Mr Barroso's intervention has brought criticism from others:

  • Professor Charlie Jeffery, Professor of Politics at Edinburgh University, "Barroso’s was a personal, not a Commission statement, made by an outgoing Commission President with no influence on what might happen in the event of a Yes vote, on a matter where there is neither treaty provision nor precedent."
  • Former Czech President (2003-13), Vaclav Klaus, speaking at a conference on secession movements at Edinburgh University answered a question regarding Mr Barroso’s comments, "It is arrogant of the EU to say Scotland and Catalonia will not be members."
  • Sir David Edward, former ECJ judge has rejected Barroso's approach on 23 Jan 14 to the EERC Committee he said "The simple fact is that there will be a gap between a vote for independence and the moment of separation.  My point is that, during that period, there will be an obligation to negotiate a solution that does not lead to the absurd result that is being suggested." Sir David later added: "I will just say this. I was a judge at the European Court of Justice for 14 years
  • Jim Currie, former EC director general, said of Barroso's comments "The statement he made was extremely unwise and I also think it was inaccurate."
  • Graham Avery, Honorary Director-General of the European Commission, (who wrote Commission opinions on membership applications of 14 countries and 19 negotiation frameworks for accession): "It is obvious that the common sense solution would be for Scotland's membership of the EU to be effective on the same day as its independence, and it is obvious that 5 million Scottish citizens, who have been European citizens for 40 years, should not be treated in the same way as people of non-member countries, or third countries as they are called in the Euro-jargon."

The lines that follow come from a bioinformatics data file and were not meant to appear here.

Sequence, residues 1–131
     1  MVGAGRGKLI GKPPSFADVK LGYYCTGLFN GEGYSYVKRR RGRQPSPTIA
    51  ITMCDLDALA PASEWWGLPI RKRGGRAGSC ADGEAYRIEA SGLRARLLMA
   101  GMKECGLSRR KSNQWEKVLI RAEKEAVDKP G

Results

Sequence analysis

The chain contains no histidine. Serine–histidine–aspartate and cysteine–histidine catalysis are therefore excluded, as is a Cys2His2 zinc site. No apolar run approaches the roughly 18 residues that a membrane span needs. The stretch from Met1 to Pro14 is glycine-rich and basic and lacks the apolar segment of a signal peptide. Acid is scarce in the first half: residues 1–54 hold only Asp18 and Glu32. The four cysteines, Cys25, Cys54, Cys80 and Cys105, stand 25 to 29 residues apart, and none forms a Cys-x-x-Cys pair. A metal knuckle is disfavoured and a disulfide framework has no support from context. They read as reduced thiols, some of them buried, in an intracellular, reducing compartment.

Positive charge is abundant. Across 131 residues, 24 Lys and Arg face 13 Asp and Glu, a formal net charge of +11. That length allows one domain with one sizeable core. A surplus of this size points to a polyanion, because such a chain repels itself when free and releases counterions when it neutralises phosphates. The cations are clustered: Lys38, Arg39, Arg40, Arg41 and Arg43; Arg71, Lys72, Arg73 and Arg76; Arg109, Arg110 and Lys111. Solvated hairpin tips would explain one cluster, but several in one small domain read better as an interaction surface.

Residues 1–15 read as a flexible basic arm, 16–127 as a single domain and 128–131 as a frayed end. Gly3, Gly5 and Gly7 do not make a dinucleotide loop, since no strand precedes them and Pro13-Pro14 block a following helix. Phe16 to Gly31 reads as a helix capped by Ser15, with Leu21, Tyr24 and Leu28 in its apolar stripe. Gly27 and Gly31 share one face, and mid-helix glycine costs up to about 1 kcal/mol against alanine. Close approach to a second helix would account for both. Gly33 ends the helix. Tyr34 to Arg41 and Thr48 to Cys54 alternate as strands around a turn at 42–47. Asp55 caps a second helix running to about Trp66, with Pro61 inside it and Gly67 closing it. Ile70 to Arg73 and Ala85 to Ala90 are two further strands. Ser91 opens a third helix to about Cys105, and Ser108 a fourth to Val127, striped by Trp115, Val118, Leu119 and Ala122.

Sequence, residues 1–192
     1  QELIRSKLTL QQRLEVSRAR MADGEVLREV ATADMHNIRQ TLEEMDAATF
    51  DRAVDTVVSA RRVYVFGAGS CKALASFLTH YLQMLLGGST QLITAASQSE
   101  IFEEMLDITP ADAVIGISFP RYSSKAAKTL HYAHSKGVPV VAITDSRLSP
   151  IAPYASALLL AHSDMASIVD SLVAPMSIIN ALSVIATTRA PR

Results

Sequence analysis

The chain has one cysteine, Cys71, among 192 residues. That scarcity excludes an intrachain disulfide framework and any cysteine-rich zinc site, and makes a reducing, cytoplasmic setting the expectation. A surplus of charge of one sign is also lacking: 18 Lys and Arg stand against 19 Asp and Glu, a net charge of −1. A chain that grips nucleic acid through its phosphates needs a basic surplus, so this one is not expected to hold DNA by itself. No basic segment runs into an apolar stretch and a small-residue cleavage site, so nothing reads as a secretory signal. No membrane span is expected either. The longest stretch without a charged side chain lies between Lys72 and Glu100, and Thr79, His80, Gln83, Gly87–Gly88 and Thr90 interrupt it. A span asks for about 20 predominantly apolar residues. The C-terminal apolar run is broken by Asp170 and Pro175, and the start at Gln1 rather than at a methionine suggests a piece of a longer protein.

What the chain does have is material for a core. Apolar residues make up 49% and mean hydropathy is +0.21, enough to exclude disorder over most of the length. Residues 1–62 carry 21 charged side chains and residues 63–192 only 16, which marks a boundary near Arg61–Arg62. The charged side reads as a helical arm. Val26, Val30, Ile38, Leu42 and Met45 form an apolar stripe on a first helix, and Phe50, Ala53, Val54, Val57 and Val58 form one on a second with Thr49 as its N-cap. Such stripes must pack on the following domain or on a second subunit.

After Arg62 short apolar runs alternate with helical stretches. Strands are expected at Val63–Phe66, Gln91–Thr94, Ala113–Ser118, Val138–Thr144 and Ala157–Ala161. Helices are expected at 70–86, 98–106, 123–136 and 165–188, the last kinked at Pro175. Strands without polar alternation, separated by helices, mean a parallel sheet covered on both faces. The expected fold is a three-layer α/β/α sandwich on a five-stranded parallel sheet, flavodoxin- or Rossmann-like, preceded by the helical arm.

Commenting on the comments from Mr Marr, Stewart Maxwell MSP, who is also Convener of the Scottish Parliament's Culture Committee which took evidence on the BBC's approach to referendum last week, said:

"The Scottish Parliament has heard a number of incredibly eminent witnesses explain how and why Scotland would continue as a member of the EU on independence.

"That appears to have been ignored by the Andrew Marr programme in favour of an opinion from the President of the Commission that has been roundly rejected by EU experts.  Any assessment of the balance of evidence would show an independent Scotland continuing in the EU."

Mr Barroso's comments were this week criticised by French MP Axelle Lemaire who became the latest European politician to attack the EC President's intervention.